They can't use your mac address to identify you on the internet, story over.
Sharp criticism of Google in Germany has today prompted the UK's privacy watchdog to quiz the firm over data its Street View cars have collected about Wi-Fi networks. Officials from the Information Commissioner's Office (ICO) will seek details and assurances about the practice. A spokeswoman told The Register the ICO had been …
Somethings might be "ok" to be public, until they are hoovered up and stuck in a database. It suddenly turns into something to be concerned about.
I'm not too worried that my ssid is broadcast under normal circumstances, but I do feel I should be concerned that it is now sat in a database of googles waiting for whatever use want.
I'm not even sure what the implications about all this are to be quite honest. I am pretty sure I might not like them though by the time Google has finished working out just how it can use it all.
As far as I can see this data is used in Google Chromes "Wi-Fi Based Geolocation". As they said, the MAC address is viewable by anyone with a Wifi enabled device, anybody can walk down the street with a laptop and see this -- and more (Channel, SSID, etc).
Just looks like another case of government staff having never touched a computer before, and having no idea what they're actually talking about.
...can someone reign them in!
OK here is the plan.
Google can get a rough geotag by your IP, but if like mine, it tends to be 100 miles out.
Now they potentiall have your mac details.
You search online for car tyres.
It comes back and lists all they car tyre places within 5 miles of you, or worse, tell you that Dave on facebook 3 doors up says you should shop at xyz has he also has a Ford Focus, seen on your drive that day.
It would also seem that Google has already incorporated their database of WiFi addresses into Latitude. Most of the time I connect to the internet through the Ethernet socket in my Manchester University Hall of Residence and my latitude location stays the same for weeks at a time. However when I returned home and connected to the home WiFi, my latitude location updated to my home address every time I refreshed the page, despite the fact that I'd disabled latitude on my phone. Needless to say, streetview crawled my street over the summer and the router is powered on the whole time. Clearly Google has associated my router's MAC to its physical location. I confirmed this theory when I connected to the university WiFi and exactly the same thing happened. Google's nefarious Oglemobiles have clearly also plundered one of our nations' great universities for its digital bounty. Be afraid, be very afraid...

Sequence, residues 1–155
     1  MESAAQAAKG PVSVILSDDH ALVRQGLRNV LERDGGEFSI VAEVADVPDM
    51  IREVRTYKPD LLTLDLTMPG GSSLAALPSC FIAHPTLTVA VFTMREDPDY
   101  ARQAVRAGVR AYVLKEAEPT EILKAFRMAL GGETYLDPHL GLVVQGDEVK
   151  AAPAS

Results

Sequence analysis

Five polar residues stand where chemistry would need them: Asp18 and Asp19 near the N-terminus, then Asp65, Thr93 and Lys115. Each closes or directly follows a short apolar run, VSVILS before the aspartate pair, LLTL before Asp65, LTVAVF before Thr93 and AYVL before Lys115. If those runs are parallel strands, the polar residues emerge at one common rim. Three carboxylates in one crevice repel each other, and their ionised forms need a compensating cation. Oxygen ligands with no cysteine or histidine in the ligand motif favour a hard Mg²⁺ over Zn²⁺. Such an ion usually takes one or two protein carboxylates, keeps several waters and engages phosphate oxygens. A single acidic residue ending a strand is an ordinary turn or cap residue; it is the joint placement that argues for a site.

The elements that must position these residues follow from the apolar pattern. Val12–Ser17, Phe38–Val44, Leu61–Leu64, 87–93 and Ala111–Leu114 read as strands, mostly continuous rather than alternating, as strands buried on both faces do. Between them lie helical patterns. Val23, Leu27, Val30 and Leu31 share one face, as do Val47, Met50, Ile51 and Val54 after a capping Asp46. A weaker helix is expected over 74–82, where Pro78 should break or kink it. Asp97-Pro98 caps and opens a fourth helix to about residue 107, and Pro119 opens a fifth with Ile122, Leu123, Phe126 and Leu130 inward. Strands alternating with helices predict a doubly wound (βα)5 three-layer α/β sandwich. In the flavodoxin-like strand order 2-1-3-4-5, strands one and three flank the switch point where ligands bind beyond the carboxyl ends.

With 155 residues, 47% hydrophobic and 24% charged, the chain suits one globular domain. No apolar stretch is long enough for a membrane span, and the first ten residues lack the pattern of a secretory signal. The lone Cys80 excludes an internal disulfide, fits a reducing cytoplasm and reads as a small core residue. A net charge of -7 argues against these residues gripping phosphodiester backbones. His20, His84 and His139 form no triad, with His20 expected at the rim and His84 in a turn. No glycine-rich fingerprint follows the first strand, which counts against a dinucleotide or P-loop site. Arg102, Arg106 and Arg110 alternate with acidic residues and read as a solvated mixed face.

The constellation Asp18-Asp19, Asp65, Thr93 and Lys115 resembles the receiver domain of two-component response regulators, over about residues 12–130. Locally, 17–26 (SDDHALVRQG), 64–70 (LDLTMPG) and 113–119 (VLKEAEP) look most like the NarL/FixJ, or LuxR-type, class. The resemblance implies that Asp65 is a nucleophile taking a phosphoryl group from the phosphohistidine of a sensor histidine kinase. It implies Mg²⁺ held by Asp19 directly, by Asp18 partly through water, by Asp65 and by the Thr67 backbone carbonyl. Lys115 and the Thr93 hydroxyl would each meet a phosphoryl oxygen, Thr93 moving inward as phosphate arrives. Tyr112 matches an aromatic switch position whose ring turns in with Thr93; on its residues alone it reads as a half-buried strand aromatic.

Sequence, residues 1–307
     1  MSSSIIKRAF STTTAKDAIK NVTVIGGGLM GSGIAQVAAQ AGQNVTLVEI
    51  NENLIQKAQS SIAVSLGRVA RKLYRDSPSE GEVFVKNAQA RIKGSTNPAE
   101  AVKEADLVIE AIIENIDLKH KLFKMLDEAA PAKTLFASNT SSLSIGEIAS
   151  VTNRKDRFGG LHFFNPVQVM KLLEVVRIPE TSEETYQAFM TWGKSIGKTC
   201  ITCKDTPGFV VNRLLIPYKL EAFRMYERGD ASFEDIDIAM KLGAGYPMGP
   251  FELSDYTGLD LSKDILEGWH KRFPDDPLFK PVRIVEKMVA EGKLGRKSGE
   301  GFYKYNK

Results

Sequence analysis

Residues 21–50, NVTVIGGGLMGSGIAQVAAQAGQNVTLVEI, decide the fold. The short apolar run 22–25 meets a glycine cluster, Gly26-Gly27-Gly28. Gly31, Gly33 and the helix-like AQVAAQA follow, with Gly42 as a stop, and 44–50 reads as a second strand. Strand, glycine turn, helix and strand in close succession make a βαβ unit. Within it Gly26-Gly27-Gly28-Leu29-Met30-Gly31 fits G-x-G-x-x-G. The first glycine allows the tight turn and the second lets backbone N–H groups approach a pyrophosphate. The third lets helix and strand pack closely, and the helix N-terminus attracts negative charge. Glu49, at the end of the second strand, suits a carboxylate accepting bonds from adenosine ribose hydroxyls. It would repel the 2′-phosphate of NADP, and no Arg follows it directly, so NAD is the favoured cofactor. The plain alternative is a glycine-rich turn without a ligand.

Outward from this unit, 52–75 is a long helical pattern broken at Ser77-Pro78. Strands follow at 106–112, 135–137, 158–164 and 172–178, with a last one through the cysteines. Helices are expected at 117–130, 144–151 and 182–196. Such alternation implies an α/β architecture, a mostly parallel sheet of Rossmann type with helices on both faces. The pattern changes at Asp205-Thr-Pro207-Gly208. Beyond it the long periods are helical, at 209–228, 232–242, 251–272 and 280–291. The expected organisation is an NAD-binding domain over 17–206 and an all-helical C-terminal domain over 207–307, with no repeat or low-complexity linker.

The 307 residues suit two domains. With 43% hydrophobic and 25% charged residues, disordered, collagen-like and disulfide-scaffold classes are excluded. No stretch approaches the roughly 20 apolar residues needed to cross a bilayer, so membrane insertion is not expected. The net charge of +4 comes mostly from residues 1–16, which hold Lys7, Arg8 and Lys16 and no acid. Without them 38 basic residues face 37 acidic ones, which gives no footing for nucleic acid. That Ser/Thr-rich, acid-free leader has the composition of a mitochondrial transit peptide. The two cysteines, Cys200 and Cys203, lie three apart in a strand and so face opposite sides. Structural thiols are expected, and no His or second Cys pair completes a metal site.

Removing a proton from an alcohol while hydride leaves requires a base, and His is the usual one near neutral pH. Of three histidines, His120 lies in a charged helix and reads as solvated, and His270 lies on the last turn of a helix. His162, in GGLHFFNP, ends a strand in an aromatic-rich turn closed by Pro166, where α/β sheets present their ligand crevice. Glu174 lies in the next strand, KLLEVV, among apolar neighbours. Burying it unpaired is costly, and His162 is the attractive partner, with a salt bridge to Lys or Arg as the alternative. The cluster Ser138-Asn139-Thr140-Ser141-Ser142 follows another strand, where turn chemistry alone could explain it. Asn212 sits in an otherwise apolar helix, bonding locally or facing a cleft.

"seek details and assurances about the practice"
We all know what happens when the ICO start seeking assurances.
Unsurprisingly, ICO will get assurances from people with a vested interest in giving ICO assurances.
What's missing is any critical/expert analysis of those assurances. ICO. Bloody useless.
My guess this info has been commissioned by the US Government and Google is undertaking this task as a commission. Can you imaging being able to tie up a MAC address with a physical address.
We all know that every colour printer prints the MAC address on every sheet in hidden yellow dots, so when you "register" your nice new printer, they know who owns a printer with MAC address *********
In the UK the poice are routinely collecting APNR data about car movements and mobile phone data is collected as we move from cell to cell. It is getting to the stage where "they " know where you are, who is travelling with you and what computers you use and everything you have written on email and the internet.
But if someone uses your WiFi access point to connect to the internet and find their location from Google's records then your IP address can be linked to that location.
That's OK if you keep your network locked and avoid google location services and Android phones -- but it does mean you have to be more careful.
You con't actually connect via the Access Point to find your location. It uses triangulation of Access Points in the area to guess the location rather than use GPS (It can therefore be used with Laptops).
The system just detects the signals that APs give off to shoe they are available - doesn't matter if they have encryption or not.
It is similar to sitting in the car and trying to tune in your radio. Knowing the, stations, the strength of the signals and which frequency the national stations are tuning to could give you an approximate location of where you are.
but thats because although i have a wifi router, my main systems are on the wired side of a
routed network segment thats then passed through to it. hence the MAC of my router is one step
away from the MAC of the wired side of my wifi router...et voila. goodbye knowledge.
further to that, I DHCP from a server halfway around the world via a TOR so even ISP information wont be right.